Crime committee takes first step with Oliver meeting

Osoyoos Mounties do some public relations work in the community. Now, they might be getting a little help themselves.

By Keith Lacey
Special to OsoyoosToday


Solutions to the growing crime problems in the South Okanagan won’t come overnight, but great strides can be made with a concerted effort by police, community leaders and concerned citizens, says Oliver Mayor Martin Johansen.

Kicking off the inaugural meeting of the Oliver Community Safety and Crime Prevention Committee on Wednesday morning, Johansen said the group was formed due to “public frustration with crime” in the area.

The committee is comprised of current and former RCMP members, local leaders and concerned citizens.

RCMP in Oliver and Osoyoos “are doing a great job,” but their resources are limited and that’s why it’s crucial the community works together to try to find solutions and do what they can to deter criminal acts from taking place, said Mr. Johansen.

It plans to “look inside the numbers” and formulate a needs assessment and action plan to try to tackle certain areas of concern.

“What do those (crime) numbers really mean?” said Mr. Johansen rhetorically. “For example, when you see 100 calls for service, how many of those calls are for one person?”

The committee will also look at issues like installing closed circuit cameras in high-crime areas, public safety initiatives taking place in other communities and sharing information with the public in an easy and effective way.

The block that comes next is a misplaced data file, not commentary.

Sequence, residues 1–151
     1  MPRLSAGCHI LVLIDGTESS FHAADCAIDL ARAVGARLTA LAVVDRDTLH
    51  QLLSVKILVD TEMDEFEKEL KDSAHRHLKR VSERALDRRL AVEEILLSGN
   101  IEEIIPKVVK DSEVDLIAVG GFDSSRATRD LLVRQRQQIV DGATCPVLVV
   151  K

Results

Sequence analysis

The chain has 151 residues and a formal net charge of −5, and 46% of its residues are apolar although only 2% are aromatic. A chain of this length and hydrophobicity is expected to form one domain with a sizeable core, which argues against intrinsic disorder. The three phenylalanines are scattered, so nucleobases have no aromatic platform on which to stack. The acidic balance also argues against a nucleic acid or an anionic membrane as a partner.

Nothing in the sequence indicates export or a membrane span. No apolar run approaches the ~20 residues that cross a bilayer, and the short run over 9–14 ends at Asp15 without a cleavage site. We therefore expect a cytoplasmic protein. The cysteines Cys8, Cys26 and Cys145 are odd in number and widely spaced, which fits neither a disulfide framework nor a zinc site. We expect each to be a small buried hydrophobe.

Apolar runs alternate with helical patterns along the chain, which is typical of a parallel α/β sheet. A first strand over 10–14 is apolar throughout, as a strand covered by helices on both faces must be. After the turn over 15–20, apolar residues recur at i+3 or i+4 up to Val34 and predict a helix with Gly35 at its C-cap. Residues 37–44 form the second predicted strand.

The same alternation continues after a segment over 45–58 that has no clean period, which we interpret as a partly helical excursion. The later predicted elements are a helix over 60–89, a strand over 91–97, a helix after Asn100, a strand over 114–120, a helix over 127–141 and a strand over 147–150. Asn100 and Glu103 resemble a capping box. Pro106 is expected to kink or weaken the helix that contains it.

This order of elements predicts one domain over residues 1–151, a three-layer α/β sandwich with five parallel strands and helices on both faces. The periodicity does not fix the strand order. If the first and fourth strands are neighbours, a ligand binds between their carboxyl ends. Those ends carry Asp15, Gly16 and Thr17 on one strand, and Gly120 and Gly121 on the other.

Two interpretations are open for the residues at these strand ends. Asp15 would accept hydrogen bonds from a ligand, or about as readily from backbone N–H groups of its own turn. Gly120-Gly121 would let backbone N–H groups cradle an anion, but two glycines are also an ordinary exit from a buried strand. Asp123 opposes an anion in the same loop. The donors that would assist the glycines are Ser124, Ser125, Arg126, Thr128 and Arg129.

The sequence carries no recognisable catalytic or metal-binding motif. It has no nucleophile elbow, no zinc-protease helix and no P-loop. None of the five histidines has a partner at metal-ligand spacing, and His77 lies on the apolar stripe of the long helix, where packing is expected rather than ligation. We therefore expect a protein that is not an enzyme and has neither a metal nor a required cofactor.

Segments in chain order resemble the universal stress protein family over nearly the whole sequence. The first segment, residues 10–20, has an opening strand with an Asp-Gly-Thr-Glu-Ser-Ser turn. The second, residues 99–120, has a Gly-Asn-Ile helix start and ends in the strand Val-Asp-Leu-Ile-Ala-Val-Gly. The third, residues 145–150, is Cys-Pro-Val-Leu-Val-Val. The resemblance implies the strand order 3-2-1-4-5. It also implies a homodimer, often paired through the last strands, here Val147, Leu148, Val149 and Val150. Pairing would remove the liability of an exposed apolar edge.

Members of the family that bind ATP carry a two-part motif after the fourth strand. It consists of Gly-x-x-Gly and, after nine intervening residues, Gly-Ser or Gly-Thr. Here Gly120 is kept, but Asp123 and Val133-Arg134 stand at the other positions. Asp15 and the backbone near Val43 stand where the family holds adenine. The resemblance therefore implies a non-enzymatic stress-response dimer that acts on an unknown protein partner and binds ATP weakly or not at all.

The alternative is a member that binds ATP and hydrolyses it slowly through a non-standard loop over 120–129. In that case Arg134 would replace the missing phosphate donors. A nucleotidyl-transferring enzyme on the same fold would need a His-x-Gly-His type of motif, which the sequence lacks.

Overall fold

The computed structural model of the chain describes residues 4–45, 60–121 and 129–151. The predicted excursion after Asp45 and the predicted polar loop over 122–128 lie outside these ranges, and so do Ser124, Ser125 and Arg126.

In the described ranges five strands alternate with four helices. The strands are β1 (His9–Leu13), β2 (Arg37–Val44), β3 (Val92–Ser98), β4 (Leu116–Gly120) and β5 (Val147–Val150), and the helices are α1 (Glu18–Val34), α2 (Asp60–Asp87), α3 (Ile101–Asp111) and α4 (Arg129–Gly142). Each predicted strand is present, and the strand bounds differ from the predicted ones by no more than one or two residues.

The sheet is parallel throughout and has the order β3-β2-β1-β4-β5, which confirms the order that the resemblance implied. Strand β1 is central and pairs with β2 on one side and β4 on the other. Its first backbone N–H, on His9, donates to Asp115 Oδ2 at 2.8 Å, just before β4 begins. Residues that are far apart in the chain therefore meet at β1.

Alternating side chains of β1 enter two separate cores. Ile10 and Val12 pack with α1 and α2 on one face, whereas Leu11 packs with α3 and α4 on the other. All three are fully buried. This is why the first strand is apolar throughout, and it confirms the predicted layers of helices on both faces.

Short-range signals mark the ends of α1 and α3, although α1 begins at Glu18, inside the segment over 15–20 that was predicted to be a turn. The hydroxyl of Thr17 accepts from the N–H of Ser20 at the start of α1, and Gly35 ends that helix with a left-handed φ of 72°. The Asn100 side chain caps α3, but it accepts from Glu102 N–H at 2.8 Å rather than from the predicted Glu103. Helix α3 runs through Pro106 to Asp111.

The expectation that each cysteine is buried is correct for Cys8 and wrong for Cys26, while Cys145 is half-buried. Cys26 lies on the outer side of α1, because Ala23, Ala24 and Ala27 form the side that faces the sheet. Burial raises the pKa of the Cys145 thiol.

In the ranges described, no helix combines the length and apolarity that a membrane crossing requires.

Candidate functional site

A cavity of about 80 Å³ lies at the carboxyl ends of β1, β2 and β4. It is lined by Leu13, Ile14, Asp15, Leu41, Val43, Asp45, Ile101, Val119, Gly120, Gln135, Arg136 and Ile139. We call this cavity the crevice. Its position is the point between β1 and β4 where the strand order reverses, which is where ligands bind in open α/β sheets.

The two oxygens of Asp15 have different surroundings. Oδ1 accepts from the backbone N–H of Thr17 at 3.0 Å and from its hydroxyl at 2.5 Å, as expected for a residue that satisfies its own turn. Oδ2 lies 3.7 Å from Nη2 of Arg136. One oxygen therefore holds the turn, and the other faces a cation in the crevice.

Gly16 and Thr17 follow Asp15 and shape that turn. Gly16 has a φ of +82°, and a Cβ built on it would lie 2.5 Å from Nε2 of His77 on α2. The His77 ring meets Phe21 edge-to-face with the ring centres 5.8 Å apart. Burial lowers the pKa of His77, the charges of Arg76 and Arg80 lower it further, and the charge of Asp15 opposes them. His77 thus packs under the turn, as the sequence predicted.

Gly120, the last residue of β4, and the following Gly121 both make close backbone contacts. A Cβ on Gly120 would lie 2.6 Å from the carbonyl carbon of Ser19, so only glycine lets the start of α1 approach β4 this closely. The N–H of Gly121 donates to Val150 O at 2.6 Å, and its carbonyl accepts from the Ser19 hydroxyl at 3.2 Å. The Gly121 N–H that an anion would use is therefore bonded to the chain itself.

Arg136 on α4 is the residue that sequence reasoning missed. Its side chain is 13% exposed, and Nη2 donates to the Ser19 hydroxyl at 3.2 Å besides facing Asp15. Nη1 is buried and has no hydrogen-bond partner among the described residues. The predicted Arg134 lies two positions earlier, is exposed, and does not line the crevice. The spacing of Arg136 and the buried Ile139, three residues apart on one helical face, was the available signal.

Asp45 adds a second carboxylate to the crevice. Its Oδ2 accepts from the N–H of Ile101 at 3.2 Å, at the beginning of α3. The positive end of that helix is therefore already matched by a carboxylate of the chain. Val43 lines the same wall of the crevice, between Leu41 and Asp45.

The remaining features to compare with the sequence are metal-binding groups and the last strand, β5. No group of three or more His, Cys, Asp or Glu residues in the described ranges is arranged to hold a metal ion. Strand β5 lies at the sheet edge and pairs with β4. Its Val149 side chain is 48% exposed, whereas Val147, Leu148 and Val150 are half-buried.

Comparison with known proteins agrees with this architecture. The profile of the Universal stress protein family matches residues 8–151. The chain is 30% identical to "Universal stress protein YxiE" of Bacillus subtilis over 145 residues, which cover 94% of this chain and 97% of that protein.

“I think as a committee, we need to be accountable,” said Mr. Johansen. “I didn’t want to just get a group of people together to talk about the problems in the community, then go away and come back again in three months and again talk about the problems in the community. I would like to achieve something.”

Oliver RCMP detachment commander Sgt. Blaine Gervais said offering quality social services to address addiction and mental health issues is going to play a significant role in the success or failure of the committee moving forward.

“We need to deal with these social issues,” said Sgt. Gervais, noting the majority of calls officers in the Oliver detachment deal with are directly related to addiction and mental health.

“If we can tackle that, it will reduce the amount of crime in our community.”

Following May’s needs assessment and action plan meeting, the committee will meet once every three months in Oliver council chambers. The meetings are open to the public and media.

The Town of Osoyoos was also invited to join the committee, with Mayor Sue McKortoff and Coun. Jim King agreeing to take seats at the table.

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